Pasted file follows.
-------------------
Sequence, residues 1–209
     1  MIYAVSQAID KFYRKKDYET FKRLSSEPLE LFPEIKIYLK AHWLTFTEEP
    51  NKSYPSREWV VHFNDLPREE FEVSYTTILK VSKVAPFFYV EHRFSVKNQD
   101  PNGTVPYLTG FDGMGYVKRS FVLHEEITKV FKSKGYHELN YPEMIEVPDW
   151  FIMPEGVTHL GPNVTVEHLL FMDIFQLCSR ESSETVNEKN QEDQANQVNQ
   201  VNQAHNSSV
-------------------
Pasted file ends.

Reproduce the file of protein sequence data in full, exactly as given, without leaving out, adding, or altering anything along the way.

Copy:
Sequence, residues 1–209
     1  MIYAVSQAID KFYRKKDYET FKRLSSEPLE LFPEIKIYLK AHWLTFTEEP
    51  NKSYPSREWV VHFNDLPREE FEVSYTTILK VSKVAPFFYV EHRFSVKNQD
   101  PNGTVPYLTG FDGMGYVKRS FVLHEEITKV FKSKGYHELN YPEMIEVPDW
   151  FIMPEGVTHL GPNVTVEHLL FMDIFQLCSR ESSETVNEKN QEDQANQVNQ
   201  VNQAHNSSV